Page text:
Thursday, October 18, 2012

The Off Work Economist

Good Morning World!

My name's James Hogan, and I'm a practising Economist in a New Zealand Government department.   Importantly, I'm on holiday.  So, in between building websites, cleaning the house, and landscaping the section, I've got some time to read and keep abreast of the News of the Day.  And like all bloggers, I've got my two cents to add..

My background is in applied economics and economics statistics.  For me the "oh wow!" moment in economics occurred at Statistics New Zealand when I was looking at Retail Trade statistics. 

I was looking at sales statistics from around the country within different cities and commodities.  Hundreds of thousands of people were out there buying what ever it was that they wanted.  They weren't talking with each other, they weren't communicating or on the phone about the latest and greatest offering from retailer Y selling brand X.  But what they were all doing was acting "the same".  Sales of durables increased and decreased in unison between the cities.  Changes in petrol sales were moving similarly between the different geographical areas.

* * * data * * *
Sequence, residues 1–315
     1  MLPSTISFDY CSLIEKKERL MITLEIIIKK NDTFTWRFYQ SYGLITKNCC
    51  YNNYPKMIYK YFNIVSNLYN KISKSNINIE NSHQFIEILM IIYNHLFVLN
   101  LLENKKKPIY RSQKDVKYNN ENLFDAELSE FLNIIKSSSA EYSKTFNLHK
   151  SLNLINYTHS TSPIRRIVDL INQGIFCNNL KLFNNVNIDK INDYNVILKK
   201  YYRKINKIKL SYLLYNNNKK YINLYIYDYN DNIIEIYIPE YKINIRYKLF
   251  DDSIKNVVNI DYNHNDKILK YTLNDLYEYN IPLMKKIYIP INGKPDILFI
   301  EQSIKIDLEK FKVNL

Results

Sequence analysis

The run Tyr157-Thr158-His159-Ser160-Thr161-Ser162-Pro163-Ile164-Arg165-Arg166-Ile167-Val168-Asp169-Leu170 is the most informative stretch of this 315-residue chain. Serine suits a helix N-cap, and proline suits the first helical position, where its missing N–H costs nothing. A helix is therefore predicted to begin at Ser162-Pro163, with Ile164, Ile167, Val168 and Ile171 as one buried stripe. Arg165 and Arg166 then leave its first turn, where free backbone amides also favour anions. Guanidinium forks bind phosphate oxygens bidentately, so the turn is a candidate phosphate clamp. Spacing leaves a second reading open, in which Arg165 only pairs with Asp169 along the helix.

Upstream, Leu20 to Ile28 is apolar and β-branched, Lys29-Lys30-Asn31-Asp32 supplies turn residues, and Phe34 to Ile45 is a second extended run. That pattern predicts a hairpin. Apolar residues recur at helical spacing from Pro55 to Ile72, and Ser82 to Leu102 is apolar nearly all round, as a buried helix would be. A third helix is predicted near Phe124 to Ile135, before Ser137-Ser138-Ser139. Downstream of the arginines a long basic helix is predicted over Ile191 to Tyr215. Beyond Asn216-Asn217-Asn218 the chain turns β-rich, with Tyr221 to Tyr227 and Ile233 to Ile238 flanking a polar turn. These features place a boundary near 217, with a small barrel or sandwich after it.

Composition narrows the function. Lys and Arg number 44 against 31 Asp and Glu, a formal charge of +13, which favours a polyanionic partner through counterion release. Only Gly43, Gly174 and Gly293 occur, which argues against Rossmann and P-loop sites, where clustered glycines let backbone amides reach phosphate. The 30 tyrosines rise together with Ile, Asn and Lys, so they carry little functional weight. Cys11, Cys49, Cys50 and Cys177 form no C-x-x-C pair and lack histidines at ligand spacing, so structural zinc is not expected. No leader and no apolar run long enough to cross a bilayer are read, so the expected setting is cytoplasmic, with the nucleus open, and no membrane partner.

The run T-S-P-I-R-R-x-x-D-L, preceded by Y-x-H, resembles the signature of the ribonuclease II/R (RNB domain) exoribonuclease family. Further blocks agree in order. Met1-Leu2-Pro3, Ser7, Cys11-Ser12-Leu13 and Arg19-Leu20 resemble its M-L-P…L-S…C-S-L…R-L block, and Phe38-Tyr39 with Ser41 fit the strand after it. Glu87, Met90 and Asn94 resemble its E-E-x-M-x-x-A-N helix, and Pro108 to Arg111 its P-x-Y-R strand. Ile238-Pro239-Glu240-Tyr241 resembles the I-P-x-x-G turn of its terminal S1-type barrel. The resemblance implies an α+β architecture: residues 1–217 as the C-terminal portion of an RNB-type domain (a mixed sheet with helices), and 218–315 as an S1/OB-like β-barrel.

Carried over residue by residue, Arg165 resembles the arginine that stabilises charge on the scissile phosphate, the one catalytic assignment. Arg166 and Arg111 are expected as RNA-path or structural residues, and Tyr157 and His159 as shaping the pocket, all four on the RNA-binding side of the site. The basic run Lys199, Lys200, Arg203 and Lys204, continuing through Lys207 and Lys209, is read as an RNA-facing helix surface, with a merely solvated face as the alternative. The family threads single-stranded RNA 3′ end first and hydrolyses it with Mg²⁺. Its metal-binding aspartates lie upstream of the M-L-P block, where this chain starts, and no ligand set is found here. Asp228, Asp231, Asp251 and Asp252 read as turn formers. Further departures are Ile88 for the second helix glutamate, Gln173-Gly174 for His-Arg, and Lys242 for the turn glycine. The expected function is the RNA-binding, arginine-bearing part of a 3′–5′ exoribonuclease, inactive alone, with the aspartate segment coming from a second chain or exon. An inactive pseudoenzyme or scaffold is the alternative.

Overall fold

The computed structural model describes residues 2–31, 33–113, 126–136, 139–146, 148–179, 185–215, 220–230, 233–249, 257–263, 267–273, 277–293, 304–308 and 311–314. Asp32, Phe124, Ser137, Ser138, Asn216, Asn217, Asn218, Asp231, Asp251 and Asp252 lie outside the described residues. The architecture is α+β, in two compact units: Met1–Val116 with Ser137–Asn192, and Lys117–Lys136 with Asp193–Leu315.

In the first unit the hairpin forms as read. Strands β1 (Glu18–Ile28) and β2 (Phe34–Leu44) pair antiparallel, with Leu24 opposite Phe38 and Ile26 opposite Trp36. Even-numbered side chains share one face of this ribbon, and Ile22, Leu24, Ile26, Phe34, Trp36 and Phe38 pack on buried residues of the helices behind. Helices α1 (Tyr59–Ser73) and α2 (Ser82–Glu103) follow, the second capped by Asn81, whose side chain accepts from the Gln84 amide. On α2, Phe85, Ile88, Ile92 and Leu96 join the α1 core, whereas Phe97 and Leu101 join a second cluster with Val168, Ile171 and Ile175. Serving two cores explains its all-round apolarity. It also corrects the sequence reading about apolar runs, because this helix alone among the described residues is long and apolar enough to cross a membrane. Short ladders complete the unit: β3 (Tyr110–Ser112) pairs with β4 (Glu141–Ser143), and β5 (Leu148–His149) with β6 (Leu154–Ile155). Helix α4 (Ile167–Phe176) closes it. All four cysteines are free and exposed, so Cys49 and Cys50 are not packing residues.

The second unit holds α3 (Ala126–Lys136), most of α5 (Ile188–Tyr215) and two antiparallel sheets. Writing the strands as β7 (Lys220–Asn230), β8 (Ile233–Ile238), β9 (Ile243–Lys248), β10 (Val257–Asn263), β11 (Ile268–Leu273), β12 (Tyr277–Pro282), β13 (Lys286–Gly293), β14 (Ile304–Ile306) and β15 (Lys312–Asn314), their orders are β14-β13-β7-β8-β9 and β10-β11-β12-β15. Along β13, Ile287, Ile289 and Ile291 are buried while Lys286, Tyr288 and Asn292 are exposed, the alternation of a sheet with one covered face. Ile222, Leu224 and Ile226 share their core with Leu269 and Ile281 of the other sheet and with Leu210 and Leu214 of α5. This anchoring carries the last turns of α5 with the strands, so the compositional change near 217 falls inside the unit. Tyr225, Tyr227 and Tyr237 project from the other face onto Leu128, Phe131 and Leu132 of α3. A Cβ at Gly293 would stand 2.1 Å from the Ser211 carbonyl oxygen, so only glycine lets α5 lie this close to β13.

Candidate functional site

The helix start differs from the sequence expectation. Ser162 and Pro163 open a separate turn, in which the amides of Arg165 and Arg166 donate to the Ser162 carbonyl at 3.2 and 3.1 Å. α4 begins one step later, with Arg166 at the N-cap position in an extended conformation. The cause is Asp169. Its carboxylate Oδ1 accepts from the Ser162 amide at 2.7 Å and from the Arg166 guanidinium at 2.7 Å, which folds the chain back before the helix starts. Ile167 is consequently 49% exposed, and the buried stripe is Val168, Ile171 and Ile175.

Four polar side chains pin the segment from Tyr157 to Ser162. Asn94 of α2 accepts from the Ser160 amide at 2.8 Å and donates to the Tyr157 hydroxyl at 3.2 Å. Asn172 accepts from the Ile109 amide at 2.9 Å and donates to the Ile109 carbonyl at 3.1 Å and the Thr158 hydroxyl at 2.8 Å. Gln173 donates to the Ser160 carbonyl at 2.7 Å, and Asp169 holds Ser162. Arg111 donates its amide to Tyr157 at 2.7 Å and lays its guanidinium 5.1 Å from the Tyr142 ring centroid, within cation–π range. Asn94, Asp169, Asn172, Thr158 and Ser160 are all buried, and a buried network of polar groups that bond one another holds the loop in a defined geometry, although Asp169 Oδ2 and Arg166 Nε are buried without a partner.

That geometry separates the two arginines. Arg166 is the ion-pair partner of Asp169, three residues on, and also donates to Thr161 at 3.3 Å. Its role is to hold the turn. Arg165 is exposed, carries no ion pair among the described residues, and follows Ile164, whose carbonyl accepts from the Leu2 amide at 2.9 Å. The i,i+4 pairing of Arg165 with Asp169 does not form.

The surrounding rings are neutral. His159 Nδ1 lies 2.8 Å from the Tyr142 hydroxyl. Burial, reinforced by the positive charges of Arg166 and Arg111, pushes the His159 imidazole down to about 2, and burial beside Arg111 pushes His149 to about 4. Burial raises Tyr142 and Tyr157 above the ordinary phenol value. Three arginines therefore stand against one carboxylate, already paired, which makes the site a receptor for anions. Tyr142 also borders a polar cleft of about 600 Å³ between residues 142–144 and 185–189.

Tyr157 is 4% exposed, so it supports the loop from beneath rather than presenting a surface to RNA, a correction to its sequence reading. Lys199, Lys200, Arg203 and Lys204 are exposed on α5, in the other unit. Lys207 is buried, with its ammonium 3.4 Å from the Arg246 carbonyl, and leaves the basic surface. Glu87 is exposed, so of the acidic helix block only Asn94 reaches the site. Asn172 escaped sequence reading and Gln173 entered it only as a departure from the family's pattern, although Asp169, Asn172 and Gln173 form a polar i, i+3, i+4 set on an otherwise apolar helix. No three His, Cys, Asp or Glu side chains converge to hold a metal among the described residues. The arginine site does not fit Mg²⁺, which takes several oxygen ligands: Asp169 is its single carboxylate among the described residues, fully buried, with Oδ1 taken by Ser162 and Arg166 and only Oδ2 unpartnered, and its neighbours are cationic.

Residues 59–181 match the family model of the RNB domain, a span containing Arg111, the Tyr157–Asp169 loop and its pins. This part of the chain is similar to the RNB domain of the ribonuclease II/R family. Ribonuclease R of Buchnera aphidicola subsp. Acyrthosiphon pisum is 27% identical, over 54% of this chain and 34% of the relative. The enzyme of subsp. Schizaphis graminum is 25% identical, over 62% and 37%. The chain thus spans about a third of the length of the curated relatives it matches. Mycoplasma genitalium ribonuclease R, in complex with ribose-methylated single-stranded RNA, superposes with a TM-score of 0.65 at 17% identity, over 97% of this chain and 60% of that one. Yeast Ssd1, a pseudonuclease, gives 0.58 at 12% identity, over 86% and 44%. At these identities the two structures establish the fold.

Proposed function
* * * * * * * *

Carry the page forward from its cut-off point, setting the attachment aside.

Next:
No one was co-ordinating the decision making of the hundreds of thousands of customers, telling them what to buy, and them all abiding by that common decision.  These separate, independent peoples were unconsciously acting in unison, to coin an oft-used phrase, as if all were being moved by an invisible hand...

Economics is real.  People act (or not act) in economic ways.  They respond to their economic opportunities in a way that both shapes their decision making and which, in turn, shakes the economic environment.  They are not aware (normally) of the impact their relatively minor impact has on aggregate change.  Seeing that actual aggregate economic behaviour was a powerful message for me.

In this blog, I hope to start pulling out real life examples of where these forces of change are occurring and what they mean using real life examples of what I'm seeing in publicly available statistics, the media and as implications from economic theory.  In between cleaning, and landscaping, and probably - if my partner has her way - painting the house.

I am employed by the New Zealand Government, so these represent my personal views only, and nothing which I reflect can be attributed in any way to the views of my employer.

Thanks for reading :)

James Hogan

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